This is a cobbled passage just off Roman Road in East London that’s recently seen run down workshops being converted into loft-apartment style flats.
The area was still fields until the late 18th-century when housing started to appear along the Roman Road, and Peary Place appeared about the same time, as a gap between the emerging housing of the area.
At the time the road to the north of the alley was known as North Place, so the alley was known as North Passage. However during the early 19th-century rebuilding to the north of the alley, North Place was renamed Kirkwall Place, and the alley was renamed Peary Place, apparently after the American polar explorer Robert Peary. Renaming an obscure alley in East London after an American explorer who had no connection to the area at all does seem like a very odd thing to do when you think about it. And when you think about it, the odder it seems, even though many reports say that’s what happened. There’s a problem. Robert Peary allegedly reached the North Pole (it’s disputed) in 1909, but the decision to rename the alley was taken by the London County Council in February 1907.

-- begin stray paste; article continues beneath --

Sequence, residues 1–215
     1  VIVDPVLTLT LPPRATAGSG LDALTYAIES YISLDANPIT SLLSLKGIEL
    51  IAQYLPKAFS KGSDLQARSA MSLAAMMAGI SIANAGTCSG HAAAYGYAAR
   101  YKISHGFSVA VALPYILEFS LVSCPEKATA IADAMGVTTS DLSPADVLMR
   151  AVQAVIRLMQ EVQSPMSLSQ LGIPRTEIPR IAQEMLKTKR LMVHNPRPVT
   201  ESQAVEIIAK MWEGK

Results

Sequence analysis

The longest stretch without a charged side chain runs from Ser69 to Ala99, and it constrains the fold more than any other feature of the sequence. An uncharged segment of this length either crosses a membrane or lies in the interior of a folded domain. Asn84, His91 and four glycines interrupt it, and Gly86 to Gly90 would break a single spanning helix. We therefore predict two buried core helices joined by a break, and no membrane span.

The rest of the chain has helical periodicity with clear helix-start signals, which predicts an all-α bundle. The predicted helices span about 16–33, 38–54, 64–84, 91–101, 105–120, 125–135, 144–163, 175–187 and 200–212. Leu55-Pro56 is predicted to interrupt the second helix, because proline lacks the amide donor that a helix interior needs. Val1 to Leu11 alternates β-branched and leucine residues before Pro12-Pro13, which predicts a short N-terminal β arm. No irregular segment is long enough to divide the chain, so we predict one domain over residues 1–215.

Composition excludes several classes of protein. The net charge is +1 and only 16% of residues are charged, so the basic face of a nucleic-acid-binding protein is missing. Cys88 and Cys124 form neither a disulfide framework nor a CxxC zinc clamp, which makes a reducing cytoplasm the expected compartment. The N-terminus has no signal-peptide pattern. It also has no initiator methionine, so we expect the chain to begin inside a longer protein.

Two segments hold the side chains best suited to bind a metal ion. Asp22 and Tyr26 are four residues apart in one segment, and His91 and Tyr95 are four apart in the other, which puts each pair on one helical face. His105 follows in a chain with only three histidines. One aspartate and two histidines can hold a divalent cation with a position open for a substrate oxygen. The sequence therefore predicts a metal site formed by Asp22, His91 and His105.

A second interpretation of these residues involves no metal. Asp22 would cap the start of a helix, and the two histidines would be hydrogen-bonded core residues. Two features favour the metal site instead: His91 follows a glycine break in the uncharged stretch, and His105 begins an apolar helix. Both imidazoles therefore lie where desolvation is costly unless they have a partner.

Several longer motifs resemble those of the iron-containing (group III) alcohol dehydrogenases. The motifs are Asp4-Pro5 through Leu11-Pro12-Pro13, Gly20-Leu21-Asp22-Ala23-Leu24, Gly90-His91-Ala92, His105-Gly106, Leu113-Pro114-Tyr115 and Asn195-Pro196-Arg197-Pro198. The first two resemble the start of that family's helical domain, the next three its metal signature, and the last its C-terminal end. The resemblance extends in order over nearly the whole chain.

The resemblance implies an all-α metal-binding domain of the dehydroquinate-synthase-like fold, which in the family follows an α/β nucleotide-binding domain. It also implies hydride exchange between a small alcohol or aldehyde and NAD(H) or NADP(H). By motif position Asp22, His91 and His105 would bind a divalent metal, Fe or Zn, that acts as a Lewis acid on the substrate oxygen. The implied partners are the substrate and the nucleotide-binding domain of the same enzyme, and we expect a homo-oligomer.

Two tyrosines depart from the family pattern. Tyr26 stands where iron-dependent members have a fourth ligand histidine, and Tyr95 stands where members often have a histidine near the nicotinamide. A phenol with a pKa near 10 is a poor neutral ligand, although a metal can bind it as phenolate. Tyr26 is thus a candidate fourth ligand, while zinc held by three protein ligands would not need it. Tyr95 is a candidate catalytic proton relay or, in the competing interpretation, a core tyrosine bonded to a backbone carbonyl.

I’m inclined, in the absence of other documents, to suggest that as there was another, and rather larger North Passage not far away, close to what is now the Young V&A Museum, the renaming was simply a tidying up exercise to prevent people being confused as to which one was which.
The alley and the surrounding houses were surprisingly unaffected by WW2, which gives the area its appearance of a mix of Victorian buildings interspersed with 1980s docklands regeneration style blocks of flats.
At the southern end of the alley is the former Black Horse pub, which seemed to close down in the middle of the 1990s, and while the upper floors have been rented out, the ground floor pub seems to have either been unoccupied for the past decade or at least if occupied, they’ve kept a very low profile.
Opposite the ex-pub is a building built in 1992 as a rather awkward-looking pastiche of the Victorian building that once stood there. It once housed a shop, then became an art gallery, which is when the fancy concrete pediment was added.
The buildings down the alley are predominantly 2 storey Victorian workshops that have since been converted to houses. The redevelopment of old workshops on the eastern side of the alley in 2015-17 also saw the cobbled (setts) road surface added, replacing conventional tarmac, to give the alley a heritage appearance similar to how it would have looked originally.
One of the more notable, from the inside at least, properties down here is 5 Peary Place, a workshop that closed in 2011 and was converted into a very modern home in 2013. At the northern end, the alley opens up and passes between the council flats and the 1980s block.